Gannett Is Using Deep Learning to Determine Why Certain Ad Designs Work

The newspaper giant wants to beef up its local marketing services

Gannett is doubling down on local marketing with AI. Getty Images

Gannett is turning to a form of artificial intelligence to design better online ads.

The USA Today publisher recently rolled out a new internal platform that uses deep learning and computer vision to determine which images, colors and other design aspects work best in online ads across its dozens of local news sites. The company says the tool has boosted click-through rate by between 10 percent and 33 percent in four out of five A/B tests it conducted (the difference remained flat in the fifth test).

Advertisers that tested the tool included a local realtor, an auto dealership and a large regional grocery chain, all based in the Indianapolis area. None were available for comment.

The software, called Grandstand, examines the creative of each ad and predicts how well it will perform on a scale from “very poor” to “very well” across four categories: color, text area, call to action and format. The forecast is also specific to the type of product or service advertised, although Jeff Burkett, Gannett’s VP of display advertising, said some insights tended to hold true across the board. The color white and large blocks of text were found to be generally unappealing, for instance. The company also used the program to generate a set of principles for its designers to reference.

The rollout is the latest step in Gannett’s ongoing effort to build what is essentially a marketing agency arm to serve brands that advertise on its more than 100 local properties, including The Des Moines Register, the Detroit Free Press and The Indianapolis Star.

To that end, the publisher has also acquired three ad-tech firms over the past two years—ReachLocal, SweetIQ and WordStream—and integrated them into a marketing platform called LocalIQ, which was unveiled in September. LocalIQ, which Grandstand is now a part of, is meant to give local businesses tools to do everything from planning marketing strategies to designing websites, even encompassing media properties beyond Gannett’s own.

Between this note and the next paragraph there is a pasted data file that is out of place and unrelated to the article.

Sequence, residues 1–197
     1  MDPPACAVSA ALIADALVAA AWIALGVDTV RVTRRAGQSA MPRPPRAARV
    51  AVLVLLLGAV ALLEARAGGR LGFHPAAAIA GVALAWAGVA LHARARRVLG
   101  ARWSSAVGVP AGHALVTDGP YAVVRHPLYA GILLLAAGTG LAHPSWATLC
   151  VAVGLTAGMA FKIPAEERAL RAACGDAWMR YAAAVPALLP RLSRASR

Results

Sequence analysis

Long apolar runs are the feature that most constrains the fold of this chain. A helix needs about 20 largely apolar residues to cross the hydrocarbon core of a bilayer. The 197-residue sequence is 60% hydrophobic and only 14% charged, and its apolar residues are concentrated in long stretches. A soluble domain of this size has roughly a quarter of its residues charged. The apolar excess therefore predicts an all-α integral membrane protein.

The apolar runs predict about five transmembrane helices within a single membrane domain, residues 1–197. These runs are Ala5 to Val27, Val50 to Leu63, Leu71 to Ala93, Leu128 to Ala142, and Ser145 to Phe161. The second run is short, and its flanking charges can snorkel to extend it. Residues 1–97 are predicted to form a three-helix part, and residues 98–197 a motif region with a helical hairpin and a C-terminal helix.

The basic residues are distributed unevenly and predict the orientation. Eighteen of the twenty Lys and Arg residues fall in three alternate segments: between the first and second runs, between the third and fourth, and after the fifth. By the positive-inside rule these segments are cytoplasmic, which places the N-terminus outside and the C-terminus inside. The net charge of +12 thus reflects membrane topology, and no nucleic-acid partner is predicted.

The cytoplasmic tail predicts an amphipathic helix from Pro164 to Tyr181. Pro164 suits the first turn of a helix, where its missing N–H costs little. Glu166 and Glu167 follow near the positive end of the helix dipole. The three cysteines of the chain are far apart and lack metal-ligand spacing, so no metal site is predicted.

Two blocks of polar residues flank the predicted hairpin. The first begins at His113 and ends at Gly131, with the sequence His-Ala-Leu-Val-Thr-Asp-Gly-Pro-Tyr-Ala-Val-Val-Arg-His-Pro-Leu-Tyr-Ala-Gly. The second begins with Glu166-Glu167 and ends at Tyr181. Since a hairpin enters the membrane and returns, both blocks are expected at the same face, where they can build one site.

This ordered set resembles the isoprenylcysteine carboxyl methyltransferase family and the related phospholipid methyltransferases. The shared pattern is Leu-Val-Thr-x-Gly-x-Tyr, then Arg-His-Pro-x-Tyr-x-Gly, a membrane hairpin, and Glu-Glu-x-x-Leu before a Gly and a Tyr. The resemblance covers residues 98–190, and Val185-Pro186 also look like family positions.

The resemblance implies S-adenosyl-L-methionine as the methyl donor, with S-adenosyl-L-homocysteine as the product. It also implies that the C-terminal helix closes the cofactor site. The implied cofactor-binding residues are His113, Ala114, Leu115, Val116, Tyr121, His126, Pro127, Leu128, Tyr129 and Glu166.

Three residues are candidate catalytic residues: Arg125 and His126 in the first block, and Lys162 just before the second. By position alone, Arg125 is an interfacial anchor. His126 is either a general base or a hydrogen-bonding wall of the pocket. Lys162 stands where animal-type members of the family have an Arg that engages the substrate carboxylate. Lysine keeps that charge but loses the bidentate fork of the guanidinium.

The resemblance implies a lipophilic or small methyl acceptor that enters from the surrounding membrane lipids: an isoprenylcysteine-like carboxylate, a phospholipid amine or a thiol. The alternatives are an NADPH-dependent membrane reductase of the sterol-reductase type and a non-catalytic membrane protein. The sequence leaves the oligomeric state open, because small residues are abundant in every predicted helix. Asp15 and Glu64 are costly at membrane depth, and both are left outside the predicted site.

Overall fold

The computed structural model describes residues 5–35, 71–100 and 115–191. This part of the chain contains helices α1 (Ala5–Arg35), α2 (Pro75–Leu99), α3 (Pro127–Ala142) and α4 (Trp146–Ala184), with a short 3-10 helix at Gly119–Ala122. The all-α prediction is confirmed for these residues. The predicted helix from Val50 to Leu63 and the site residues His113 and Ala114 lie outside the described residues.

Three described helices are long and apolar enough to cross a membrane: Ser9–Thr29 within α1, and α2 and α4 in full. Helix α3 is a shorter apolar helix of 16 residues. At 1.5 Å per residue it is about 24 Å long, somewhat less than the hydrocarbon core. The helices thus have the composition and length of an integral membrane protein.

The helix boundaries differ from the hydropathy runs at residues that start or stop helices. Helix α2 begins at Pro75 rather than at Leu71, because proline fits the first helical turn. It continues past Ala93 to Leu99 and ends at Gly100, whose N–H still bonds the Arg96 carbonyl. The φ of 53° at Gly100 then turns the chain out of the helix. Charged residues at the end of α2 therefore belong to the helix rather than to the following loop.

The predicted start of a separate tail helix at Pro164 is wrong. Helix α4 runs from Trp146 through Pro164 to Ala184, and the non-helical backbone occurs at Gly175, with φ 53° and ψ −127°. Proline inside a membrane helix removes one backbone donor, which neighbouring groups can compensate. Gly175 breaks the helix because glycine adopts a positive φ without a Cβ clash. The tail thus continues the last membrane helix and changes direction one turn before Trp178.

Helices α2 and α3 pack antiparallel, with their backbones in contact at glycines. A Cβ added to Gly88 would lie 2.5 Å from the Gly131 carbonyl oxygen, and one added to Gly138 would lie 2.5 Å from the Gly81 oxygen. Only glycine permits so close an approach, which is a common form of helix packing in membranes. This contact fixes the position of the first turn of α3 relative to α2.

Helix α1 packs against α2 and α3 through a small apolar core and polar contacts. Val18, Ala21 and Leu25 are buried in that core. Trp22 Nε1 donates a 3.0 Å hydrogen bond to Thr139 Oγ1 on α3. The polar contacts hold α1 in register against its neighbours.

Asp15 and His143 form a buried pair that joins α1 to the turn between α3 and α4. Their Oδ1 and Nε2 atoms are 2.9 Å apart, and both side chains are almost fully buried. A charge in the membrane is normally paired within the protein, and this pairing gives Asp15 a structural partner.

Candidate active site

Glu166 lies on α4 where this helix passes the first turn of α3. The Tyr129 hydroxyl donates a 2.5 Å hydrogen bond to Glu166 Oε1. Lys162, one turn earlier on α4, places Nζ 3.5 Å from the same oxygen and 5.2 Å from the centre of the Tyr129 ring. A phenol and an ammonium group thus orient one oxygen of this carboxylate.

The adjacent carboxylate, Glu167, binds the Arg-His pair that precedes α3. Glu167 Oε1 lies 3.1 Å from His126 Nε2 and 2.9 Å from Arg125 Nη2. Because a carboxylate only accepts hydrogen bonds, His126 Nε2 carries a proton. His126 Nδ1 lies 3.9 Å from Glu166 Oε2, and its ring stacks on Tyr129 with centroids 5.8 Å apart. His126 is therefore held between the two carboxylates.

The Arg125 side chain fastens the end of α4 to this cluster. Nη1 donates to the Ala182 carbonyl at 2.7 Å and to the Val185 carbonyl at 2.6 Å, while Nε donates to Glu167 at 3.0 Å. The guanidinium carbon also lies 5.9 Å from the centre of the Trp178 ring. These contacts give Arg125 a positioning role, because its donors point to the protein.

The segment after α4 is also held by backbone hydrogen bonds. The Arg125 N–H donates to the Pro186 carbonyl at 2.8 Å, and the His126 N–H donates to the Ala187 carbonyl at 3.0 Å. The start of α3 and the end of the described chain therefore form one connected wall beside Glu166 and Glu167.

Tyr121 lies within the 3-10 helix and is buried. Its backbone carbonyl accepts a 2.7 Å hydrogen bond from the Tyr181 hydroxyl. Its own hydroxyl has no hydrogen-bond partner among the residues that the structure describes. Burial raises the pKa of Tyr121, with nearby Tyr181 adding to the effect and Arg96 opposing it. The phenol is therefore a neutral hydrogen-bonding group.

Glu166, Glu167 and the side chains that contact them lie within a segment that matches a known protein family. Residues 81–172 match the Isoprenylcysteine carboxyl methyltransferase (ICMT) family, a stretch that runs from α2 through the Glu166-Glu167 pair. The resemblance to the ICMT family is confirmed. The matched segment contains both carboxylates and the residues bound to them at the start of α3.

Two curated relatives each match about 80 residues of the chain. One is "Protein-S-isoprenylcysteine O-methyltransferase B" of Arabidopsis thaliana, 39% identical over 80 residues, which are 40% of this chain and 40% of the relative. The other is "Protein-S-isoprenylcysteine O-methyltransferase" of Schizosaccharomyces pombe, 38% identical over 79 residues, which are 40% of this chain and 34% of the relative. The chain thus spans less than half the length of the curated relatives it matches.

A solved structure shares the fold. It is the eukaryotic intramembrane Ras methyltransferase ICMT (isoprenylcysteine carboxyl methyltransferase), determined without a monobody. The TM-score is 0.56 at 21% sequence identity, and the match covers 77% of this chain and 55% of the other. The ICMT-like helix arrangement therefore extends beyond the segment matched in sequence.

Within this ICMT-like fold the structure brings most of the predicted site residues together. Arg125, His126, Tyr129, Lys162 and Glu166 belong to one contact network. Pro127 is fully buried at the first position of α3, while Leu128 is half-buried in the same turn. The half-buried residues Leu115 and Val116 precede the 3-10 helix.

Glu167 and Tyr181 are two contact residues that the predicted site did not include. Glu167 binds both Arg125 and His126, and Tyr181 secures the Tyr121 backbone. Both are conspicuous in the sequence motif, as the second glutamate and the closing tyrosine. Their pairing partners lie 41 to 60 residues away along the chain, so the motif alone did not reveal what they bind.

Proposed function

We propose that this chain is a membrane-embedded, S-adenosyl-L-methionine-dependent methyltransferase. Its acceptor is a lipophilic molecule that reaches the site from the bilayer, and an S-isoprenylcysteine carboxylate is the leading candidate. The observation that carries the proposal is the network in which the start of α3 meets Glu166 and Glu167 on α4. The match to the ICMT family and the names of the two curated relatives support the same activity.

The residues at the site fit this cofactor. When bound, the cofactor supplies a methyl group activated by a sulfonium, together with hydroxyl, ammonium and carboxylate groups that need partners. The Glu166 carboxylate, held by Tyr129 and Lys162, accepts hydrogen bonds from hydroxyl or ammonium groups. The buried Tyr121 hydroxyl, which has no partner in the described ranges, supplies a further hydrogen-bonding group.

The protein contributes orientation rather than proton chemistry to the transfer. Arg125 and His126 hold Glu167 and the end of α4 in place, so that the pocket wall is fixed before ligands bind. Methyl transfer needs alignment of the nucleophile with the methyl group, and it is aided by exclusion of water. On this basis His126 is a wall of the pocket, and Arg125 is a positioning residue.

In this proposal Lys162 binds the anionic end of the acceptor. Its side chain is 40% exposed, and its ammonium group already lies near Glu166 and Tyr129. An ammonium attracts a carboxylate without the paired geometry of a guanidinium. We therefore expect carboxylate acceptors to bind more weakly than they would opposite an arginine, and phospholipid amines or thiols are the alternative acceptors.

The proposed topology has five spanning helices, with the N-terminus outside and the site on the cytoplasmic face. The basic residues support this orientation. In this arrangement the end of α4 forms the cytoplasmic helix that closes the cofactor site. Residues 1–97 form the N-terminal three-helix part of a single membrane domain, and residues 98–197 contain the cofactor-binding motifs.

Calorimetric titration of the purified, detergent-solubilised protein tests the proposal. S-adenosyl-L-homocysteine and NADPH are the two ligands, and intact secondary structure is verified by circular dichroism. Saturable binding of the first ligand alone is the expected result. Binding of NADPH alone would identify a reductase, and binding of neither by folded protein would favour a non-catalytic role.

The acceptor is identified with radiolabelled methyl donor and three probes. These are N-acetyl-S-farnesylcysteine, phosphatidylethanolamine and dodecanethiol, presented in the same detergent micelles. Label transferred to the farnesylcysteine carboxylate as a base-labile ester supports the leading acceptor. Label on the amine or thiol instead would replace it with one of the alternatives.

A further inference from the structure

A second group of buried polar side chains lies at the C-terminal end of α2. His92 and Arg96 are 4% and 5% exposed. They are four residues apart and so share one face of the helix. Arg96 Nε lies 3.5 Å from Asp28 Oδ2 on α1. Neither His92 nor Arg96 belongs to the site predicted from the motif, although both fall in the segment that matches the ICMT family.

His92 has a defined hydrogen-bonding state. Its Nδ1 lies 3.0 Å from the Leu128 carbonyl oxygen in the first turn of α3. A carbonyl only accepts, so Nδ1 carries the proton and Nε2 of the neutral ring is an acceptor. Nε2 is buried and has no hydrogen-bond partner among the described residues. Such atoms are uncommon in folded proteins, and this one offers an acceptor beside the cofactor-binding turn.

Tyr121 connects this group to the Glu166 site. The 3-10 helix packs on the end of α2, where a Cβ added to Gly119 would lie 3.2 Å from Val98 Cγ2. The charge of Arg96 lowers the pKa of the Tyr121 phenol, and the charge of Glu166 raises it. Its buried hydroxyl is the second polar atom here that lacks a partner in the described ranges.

Gannett is hoping that the move into marketing can help it squeeze more out of digital ad revenue, which has grown modestly but not enough to offset plummeting print revenue. In its most recent earnings quarter, the publisher reported a slight 3.2 percent uptick in digital dollars as compared to the same period of the previous year, while print fell a precipitous 16.7 percent. Operating revenue fell to $711.7 million from $744.3 million in the third quarter of 2017.

Its biggest threats on this front are the duopoly powers of Facebook and Google, which have drawn local businesses with a combination of scale and granular targeting.

“It’s one thing to have the scale that we have, but I think the whole idea here is that you still have to be better competitively,” Burkett said. “We think that data—particularly the areas of deep learning, computer vision, using those for optimization across all channels—is really the future of how we’re going to be better than everyone else.”

Burkett said that while the tool hasn’t been introduced to the majority of advertisers yet, the few businesses it did approach about the trial runs were receptive to the idea of allowing Gannett to rework their creative material.

“We’re using this data to go back to the advertisers and say, ‘Digital’s different. Here’s why. Here’s how you properly transition from print to digital,'” Burkett said. “That’s something we’ve always tried to do, and now we have the data to prove it.”

Gannett didn’t initially have AI in mind when it set out to build a better performance measurement system to inform design last year. The company first tried to sort the flood of data it was receiving by having human designers classify each ad according to a set of design principles. But Burkett said the team quickly realized the method was too subjective and couldn’t cover anywhere near the scale needed.

That’s why starting earlier this year, Gannett tapped its data science team to find a computer vision model that could identify objects and text within ads and a deep learning model to produce insights into what worked best. Burkett said he has a lot of ideas of where to take the tool going forward, including potentially incorporating demographic targeting and adjusting for the type of content on which ads appear.


@patrickkulp patrick.kulp@adweek.com Patrick Kulp is an emerging tech reporter at Adweek.
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